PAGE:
Asus Eee Transformer Prime
Asus Eee Transformer Prime
This tablet, the first quad-core, ARM processor-based Android tablet to grace the market, is drawing rave reviews from gadget Websites. The device is only 0.31 inches thick and weighs just 1.29 pounds, so it has power but is lightweight. As the Verge noted: "The Prime is an incredible piece of hardware. It has a marvelous display, form factor, the best camera on any tablet yet, and its new quad-core internal organ puts more graphics and gaming power in your hands than you'll know what to do with." Of course, it's still no iPad, the Verge concluded.
Samsung Galaxy Tab 10.1
We loved this tablet when we tested it earlier this year. It's also very thin at 0.34 inches and weighs only 1.31 pounds. It has an excellent display and is speedy to use with its 1GHz dual-core chip. It runs Honeycomb better than the original Motorola Xoom.
Galaxy Tab 7.0 Plus
While its first Galaxy Tab was a lackluster, Android 2.2 "Froyo"-based affair, the latest Galaxy Tab 7.0 Plus has advantages for consumers who love 7-inch tablets. The Honeycomb 3.2-powered slate is faster than its 10.1 predecessor, with a 1.2GHz dual-core processor, and light at just 12.2 ounces. Easily our favorite 7-inch tablet to date.
HTC Evo View 4G
While it's tough to be Samsung's latest 7-inch slate, the Android 2.3 "Gingerbread"-fueled HTC Evo View 4G on Sprint was a special treat, coming as it did with HTC's Scribe digital stylus and digital pen software. The Scribe pen is a great little tool that lets users take freehand notes. Users can also simply begin writing or drawing on any home screen on the tablet. Notes and annotations may also be instantly saved to a user's Evernote account.
HTC also makes the Jetstream, which AT&T is selling as a premium tablet running on the company's 4G LTE network. While the Evo View 4G was fast, this Android 3.1 Honeycomb tablet boasts a Qualcomm Snapdragon 1.5GHz dual-core processor that allows users to flit comfortably from one application to the next with a few flicks of the touch screen. The 10.1 inches of WVGA display real estate with a resolution of 1,280 by 800 are a good companion to the HTC Scribe pen-that's right. Scribe rules on the Jetstream, providing a bigger palette for digital ink technology than the Evo View 4G from HTC.
G-slate From T-Mobile
T-Mobile got in the action, too, with the G-slate, which is powered by a 1GHz Nvidia Tegra dual-core processor and sports a pair of stereoscopic cameras capable of shooting 3D footage. We like this tablet because it has a unique tweener size, offering 8.9 inches of display real estate.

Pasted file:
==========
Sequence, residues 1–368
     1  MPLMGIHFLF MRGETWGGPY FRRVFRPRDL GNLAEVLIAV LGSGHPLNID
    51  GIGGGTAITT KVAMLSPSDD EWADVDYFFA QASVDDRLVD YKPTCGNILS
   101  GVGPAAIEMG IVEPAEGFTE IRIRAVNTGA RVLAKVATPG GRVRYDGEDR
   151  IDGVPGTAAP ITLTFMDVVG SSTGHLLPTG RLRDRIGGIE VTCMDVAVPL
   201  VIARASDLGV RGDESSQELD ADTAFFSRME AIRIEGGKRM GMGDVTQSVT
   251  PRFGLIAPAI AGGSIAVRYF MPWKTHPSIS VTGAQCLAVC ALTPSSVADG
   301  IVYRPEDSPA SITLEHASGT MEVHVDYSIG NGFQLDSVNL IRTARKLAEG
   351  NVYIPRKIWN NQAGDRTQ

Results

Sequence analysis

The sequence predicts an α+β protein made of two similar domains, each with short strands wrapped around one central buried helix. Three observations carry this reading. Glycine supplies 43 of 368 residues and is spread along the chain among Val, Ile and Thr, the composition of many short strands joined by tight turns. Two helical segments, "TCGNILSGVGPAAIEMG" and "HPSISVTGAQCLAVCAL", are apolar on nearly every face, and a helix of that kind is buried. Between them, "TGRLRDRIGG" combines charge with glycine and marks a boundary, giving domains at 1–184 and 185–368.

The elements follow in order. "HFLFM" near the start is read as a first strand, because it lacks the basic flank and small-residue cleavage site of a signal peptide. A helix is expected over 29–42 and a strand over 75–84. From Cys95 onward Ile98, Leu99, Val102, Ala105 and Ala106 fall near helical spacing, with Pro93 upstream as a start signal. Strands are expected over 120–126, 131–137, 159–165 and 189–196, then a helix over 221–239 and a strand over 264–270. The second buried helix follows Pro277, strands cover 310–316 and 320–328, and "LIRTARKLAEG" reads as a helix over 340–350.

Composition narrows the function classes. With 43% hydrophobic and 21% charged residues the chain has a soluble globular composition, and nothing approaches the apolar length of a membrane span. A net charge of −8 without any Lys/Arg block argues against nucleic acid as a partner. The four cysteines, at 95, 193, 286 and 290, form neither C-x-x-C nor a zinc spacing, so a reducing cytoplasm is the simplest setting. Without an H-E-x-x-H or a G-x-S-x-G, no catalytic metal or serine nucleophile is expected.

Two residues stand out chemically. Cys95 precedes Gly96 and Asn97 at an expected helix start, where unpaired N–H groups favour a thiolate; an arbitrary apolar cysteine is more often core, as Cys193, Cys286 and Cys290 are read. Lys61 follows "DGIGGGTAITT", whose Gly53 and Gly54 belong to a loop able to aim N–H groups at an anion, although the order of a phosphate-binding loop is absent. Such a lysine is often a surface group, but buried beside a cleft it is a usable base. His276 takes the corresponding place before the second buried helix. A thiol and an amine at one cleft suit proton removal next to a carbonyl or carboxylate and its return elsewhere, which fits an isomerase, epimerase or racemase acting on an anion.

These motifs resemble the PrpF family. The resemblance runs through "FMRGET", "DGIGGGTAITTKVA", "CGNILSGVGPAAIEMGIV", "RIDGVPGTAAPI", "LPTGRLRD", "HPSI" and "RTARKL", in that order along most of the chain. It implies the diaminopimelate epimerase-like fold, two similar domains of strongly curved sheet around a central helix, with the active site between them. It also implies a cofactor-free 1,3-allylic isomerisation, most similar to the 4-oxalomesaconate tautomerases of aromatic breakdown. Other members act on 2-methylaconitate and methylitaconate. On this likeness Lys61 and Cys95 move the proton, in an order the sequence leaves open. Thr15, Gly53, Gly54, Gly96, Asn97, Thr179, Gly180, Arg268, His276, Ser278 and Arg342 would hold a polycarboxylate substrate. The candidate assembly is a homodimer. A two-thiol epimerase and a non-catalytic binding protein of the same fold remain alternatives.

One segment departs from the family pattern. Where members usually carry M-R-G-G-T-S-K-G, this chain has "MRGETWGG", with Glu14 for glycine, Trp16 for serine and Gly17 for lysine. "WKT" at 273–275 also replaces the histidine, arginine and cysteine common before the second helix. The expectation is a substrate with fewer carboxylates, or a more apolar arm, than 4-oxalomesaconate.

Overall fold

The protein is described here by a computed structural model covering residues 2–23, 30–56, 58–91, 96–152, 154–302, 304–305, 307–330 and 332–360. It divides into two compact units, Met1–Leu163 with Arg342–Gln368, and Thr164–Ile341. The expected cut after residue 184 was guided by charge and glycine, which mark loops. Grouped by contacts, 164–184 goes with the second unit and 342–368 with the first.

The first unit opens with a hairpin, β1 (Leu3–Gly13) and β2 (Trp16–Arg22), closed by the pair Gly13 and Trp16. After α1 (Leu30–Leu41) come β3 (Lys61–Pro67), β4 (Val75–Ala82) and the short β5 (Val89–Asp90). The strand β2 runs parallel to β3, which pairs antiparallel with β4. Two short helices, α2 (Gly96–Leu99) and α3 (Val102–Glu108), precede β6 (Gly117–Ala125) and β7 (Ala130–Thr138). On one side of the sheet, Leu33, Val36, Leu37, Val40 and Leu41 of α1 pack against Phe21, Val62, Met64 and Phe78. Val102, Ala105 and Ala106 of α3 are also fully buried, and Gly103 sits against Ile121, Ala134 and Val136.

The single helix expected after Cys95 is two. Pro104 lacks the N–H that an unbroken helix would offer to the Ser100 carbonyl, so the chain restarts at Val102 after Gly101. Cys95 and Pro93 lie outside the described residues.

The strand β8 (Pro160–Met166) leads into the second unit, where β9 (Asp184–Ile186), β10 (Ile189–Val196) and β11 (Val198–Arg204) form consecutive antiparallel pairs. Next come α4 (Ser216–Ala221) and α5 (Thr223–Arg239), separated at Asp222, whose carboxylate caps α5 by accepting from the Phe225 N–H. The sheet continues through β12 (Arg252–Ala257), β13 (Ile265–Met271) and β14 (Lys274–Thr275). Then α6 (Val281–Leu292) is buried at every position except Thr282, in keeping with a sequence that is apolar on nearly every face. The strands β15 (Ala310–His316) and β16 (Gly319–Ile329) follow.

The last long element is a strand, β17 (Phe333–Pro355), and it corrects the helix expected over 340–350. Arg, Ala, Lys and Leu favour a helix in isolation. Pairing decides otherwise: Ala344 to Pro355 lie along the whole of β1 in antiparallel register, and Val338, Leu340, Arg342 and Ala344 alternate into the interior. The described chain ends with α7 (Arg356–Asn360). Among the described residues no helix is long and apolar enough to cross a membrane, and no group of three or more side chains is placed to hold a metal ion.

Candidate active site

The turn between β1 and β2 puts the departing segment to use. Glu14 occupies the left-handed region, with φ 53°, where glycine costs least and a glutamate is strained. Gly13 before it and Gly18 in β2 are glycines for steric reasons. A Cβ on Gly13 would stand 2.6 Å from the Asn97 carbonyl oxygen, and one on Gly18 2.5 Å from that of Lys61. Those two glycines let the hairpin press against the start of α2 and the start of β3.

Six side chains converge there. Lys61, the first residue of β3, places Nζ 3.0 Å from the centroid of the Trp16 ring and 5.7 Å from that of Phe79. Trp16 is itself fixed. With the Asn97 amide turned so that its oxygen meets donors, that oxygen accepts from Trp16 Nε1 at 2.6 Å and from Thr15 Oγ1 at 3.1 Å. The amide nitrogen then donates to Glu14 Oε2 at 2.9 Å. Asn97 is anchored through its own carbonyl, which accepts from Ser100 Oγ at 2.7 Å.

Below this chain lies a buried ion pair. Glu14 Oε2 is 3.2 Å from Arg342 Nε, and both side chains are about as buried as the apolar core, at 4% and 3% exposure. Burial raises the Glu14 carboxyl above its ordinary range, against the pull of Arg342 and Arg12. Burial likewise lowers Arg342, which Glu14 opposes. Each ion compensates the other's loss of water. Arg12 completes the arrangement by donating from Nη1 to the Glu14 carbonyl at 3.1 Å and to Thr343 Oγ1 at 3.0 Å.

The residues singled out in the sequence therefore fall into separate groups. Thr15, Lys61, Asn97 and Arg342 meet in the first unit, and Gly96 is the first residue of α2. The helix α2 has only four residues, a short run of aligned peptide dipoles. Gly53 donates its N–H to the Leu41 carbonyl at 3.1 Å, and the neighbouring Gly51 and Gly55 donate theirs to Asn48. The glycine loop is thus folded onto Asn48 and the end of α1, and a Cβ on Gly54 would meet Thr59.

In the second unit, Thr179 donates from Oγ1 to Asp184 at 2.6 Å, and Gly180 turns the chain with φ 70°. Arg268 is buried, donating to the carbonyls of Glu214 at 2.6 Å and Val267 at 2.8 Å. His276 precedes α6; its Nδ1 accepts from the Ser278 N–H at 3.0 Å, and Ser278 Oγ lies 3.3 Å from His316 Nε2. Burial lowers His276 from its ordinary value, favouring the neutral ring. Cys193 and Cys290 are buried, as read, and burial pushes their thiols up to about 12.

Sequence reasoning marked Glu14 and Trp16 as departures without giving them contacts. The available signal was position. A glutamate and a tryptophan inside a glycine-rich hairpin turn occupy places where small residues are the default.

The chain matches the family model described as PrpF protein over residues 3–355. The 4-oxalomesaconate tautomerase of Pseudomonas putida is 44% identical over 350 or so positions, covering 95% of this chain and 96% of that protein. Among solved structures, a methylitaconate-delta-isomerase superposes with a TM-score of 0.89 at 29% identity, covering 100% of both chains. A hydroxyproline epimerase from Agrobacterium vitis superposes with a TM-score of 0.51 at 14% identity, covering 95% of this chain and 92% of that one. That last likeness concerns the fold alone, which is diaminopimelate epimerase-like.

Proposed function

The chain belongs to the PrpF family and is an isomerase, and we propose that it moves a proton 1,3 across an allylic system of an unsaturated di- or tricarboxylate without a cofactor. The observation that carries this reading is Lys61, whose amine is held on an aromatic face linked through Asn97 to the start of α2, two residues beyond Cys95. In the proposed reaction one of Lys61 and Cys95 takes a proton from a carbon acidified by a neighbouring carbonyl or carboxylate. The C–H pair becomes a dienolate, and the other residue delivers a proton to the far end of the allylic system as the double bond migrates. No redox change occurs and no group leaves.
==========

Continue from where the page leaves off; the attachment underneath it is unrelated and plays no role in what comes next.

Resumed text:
The Thrive is the first enterprise-oriented tablet we tested, and it's wrapped in a thickish rubberized, super textured grip to guard against slipping and sliding. The Honeycomb-based Thrive is a chunky 1.6 pounds, but it's still juiced by the Nvidia Tegra 2 quad-core 1GHz processor and offers users the larger-scale standard 10.1-inch multitouch LED backlit display at 1,280-by-800 resolution. Thrive has a major focus on business applications, including QuickOffice for enterprise file management, LogMeIn remote app access, as well as Toshiba's PrinterShare and FileManager apps. The device also departs from existing tablet designs with a USB 2.0, HDMI and SD card slot to enable consumers to both sync with and port their content to other devices. Yes, it's an enterprise tablet. The back comes off, too, as you can see here.
Acer Iconia Tab A500
Acer makes a mean Honeycomb tablet, too. The 10.1-inch Acer Iconia Tab A501 4G tablet from AT&T is equipped with a 4G radio to run on AT&T's 4G HSPA+ network. It's powered by Nvidia's Tegra 2 mobile 1GHz dual-core processor and integrated GeForce GPU.
The Barnes & Noble Nook Tablet is a bargain at $249. It's an Android-based glorified e-reader, and B&N caters well to children with its kiddie book titles. The Tablet has more memory than the preceding Nook model and provides access to Netflix and Hulu content. Importantly, Barnes & Noble also allows Nook Tablet users to download and read books from other bookstores, while Amazon doesn't.
Coming in last is the Kindle Fire. While we had some issues with the user experience, the Fire is a great on-ramp to Amazon's content services, including Amazon's Instant Video Kindle bookstore and other cloud services. And for the $199 price point, it's tough to beat. It's our top choice for the low end of the tablet market.
The Motorola Droid Xyboard 10.1 and 8.2-inch models haven't made it to market as of this slide show publication. But we're giving Motorola the benefit of the doubt from the form factor and specifications. The tablets are fitted with high-definition Corning Gorilla Glass displays backed by splashguard coating, and both connect to the Web via WiFi. The Xoom 2 has a 10.1-inch screen, while the Xoom 2 Media Edition has an 8.2-inch screen, making it a "tweener" tablet at a time when most Honeycomb slates offer either 7 inches or 10 inches of screen real estate. But we're betting these two devices, branded under the Xoom name in the U.K. and Ireland, will prove to be high quality when they arrive in the U.S. from Verizon this month. If not, Motorola can pretty much kiss its tablet chances goodbye after failing to get its Xoom Honeycomb 3G and 4G LTE tablets to take off in the market in 2011.